What do these cases mean for solar energy facilities under 50 MW? Recall that S.B. 52 allows counties to prohibit or restrict solar facilities that are 50 MW or higher, but no other law addresses solar facilities with a single interconnection point to the energy grid that produce less than 50 MW. Would such a facility be a “public utility” under the public utility exemption? As with Dovetail and Emerald, a court would have to examine the solar facility and determine whether “the nature of its operation is a matter of public concern” and if “membership is indiscriminately and reasonably made available to the general public” as a public service. If so, a county or township could not use zoning to prohibit or regulate the location or construction of the solar facility.
Learn more about renewable energy laws in the Farm Office Energy Law Library at https://farmoffice.osu.edu/our-library/energy-law.
Farm neighbor laws have been around nearly as long as there have been farm neighbors. From trees to fences to drainage, farmers can impact and be impacted by their neighbors. In the spirit of managing these impacts and helping everyone get along, our courts and legislatures have established a body of laws over the years that allocate rights and responsibilities among farm neighbors. Explaining these laws is the goal of our new series on farm neighbor laws.
Here’s a timely farm neighbor problem that we’ve heard before: Farmer’s soybeans are looking good and Farmer is anxious for harvest. But some neighbors drive their ATV into the field and flatten a big section of Farmer’s beans. What can Farmer do about the harm?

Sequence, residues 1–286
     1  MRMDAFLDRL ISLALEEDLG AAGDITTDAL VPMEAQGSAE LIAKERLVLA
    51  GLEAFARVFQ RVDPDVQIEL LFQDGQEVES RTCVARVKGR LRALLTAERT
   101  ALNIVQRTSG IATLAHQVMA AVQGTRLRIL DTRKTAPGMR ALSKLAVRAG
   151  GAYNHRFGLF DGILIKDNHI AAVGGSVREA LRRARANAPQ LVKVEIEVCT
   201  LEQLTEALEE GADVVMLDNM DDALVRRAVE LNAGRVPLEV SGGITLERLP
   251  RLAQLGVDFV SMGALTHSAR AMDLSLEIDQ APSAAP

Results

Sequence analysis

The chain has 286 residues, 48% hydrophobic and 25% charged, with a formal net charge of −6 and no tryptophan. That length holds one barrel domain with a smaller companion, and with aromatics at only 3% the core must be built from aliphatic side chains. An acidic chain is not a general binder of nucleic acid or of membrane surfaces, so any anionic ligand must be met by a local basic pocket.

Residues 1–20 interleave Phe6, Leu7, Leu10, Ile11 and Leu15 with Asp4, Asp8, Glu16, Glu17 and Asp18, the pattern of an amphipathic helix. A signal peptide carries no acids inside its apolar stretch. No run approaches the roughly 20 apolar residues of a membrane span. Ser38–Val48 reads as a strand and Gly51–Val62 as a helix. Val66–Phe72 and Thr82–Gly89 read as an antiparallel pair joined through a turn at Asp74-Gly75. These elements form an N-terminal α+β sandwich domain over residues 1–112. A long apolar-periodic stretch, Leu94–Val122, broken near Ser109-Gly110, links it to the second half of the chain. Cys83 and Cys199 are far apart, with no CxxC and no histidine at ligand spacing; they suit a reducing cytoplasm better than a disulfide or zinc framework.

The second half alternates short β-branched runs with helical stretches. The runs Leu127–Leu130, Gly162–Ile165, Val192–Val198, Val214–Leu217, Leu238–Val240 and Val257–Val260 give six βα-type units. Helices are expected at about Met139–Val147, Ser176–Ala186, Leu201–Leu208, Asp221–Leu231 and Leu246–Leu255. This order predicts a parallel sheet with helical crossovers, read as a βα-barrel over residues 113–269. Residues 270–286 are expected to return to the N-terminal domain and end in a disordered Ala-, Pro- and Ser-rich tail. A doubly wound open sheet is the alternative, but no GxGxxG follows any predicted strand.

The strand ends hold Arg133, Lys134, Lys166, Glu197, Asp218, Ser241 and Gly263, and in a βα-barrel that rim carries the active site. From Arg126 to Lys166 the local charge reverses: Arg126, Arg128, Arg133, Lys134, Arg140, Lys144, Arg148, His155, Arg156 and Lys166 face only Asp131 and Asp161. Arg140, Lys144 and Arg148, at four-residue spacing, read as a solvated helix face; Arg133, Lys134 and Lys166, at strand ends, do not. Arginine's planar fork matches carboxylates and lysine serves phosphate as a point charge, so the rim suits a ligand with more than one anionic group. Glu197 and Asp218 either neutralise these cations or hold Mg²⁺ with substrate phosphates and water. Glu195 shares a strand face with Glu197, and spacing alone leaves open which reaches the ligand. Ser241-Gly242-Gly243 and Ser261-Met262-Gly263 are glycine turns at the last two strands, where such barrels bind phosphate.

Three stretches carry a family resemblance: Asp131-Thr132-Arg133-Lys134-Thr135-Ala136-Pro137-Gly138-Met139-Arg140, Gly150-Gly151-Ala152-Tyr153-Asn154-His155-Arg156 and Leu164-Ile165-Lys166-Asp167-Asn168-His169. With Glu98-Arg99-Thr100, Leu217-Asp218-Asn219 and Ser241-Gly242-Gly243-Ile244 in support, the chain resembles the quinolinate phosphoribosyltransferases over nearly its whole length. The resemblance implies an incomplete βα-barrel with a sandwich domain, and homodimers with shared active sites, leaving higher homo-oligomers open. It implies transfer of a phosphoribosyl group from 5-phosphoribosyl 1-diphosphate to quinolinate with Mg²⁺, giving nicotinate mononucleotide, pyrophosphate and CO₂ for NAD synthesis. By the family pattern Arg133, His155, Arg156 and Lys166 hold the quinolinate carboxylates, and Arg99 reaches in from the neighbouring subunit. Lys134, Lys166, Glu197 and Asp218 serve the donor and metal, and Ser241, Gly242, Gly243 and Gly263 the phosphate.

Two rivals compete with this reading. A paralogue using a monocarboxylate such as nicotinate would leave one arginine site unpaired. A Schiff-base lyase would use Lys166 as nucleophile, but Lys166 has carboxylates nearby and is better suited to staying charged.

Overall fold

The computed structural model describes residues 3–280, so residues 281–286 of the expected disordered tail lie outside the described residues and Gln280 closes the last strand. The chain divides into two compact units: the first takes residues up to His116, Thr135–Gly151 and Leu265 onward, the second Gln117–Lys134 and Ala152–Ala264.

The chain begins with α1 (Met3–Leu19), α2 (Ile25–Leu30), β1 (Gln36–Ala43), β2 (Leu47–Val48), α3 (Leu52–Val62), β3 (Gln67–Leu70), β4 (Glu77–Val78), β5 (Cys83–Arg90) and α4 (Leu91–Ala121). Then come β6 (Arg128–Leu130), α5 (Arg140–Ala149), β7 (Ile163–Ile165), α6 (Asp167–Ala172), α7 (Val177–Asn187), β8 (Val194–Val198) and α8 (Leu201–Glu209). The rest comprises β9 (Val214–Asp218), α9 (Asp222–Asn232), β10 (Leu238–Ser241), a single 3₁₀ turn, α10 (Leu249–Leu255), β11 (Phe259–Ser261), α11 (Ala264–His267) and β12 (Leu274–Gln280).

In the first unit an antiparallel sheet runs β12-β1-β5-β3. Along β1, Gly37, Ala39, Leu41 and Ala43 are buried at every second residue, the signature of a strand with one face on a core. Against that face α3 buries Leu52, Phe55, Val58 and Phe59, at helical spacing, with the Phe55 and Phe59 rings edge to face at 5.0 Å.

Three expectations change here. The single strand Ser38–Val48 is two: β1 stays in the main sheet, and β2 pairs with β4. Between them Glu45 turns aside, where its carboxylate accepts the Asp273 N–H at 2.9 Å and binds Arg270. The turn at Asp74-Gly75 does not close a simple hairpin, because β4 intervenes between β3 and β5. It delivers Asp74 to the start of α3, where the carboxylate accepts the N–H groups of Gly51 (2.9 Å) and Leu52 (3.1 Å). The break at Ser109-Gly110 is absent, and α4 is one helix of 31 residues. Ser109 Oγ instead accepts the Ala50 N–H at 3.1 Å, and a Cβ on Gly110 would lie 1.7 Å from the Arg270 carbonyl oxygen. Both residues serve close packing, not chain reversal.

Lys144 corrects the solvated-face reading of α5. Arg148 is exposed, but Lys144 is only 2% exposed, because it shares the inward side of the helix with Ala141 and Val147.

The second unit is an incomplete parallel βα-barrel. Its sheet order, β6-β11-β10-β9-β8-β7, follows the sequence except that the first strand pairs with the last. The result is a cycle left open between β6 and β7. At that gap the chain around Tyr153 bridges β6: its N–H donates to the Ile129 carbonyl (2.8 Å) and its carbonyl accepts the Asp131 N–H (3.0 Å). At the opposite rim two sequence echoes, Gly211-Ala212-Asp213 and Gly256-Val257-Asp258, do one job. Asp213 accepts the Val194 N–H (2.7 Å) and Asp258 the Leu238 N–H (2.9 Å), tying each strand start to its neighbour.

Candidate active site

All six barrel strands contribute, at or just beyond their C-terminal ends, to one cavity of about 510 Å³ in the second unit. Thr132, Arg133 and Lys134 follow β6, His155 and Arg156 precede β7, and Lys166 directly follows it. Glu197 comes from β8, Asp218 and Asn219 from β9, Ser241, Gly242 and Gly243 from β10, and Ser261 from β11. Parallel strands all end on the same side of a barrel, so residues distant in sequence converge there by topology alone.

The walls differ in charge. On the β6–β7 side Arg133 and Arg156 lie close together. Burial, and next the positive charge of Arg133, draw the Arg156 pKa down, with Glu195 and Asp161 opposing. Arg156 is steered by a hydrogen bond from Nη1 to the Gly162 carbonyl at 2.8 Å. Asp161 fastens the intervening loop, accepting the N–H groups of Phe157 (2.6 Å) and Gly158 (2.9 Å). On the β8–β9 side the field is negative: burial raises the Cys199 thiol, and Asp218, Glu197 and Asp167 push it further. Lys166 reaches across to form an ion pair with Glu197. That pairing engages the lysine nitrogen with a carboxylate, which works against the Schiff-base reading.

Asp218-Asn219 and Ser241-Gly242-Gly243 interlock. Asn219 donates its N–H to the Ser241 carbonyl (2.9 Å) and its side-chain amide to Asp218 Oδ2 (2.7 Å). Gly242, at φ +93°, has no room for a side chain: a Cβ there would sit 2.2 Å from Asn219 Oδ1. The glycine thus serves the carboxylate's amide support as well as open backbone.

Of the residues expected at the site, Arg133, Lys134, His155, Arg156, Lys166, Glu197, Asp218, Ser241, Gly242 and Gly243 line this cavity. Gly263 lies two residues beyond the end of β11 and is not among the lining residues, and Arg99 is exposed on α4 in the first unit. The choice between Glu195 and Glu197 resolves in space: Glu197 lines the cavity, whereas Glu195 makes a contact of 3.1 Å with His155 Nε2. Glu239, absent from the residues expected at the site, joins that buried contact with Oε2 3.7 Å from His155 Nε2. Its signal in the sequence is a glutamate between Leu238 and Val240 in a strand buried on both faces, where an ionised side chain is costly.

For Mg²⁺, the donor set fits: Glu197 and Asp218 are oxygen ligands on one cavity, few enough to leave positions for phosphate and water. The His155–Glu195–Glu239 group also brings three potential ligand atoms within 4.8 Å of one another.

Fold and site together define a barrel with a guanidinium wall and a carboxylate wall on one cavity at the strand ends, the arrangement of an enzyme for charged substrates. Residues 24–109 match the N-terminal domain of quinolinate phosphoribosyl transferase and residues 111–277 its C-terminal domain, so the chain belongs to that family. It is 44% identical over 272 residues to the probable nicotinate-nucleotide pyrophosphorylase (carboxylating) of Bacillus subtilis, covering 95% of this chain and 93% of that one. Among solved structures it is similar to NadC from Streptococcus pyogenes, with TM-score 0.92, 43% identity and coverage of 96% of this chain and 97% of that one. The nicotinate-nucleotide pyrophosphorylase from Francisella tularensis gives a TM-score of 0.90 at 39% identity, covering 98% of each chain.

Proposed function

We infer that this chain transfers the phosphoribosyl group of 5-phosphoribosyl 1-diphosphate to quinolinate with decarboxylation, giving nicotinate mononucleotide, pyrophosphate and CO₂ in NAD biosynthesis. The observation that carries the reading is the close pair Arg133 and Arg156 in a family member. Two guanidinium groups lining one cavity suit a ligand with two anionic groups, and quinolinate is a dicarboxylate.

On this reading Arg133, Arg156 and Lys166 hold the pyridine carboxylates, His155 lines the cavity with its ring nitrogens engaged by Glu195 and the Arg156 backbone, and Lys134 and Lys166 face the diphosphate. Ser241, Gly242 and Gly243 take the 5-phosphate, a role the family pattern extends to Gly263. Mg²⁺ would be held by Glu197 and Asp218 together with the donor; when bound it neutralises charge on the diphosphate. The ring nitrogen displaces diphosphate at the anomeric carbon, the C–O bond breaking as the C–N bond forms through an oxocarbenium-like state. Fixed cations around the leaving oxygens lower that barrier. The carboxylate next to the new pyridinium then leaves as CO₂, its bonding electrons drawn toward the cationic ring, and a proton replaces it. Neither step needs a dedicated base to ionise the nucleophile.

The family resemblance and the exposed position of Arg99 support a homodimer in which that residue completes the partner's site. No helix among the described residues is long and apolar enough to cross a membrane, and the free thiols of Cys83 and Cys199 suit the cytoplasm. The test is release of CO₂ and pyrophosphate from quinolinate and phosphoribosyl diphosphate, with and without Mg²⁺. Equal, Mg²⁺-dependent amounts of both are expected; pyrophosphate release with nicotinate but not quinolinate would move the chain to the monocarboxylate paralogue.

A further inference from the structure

Ohio’s “reckless destruction of vegetation law” might be the solution. The law, Ohio Revised Code Section 901.51, states that “no person, without privilege to do so, shall recklessly cut down, destroy, girdle, or otherwise injure a vine, bush, shrub, sapling, tree, or crop standing or growing on the land of another or upon public land.” This law could provide a remedy if its three components fit Farmer’s situation:
- Destruction or injury to a vine, bush, shrub, sapling, tree, or crop on the land of another
- No privilege
A key requirement of the law is “recklessness.” Under Ohio law, a person is “reckless” if the person acts with heedless indifference to the consequences or disregards the risk that the person's conduct is likely to cause a certain result. For example, if the neighbors were out driving the ATV at night and simply didn’t care where they were and that their actions could be harming Farmer’s property, that behavior is likely to rise to the level of “recklessness.” Alternatively, if another driver ran the neighbors off the road and the neighbors tried but could not avoid going into the bean field, their behavior isn’t likely to be deemed “reckless.”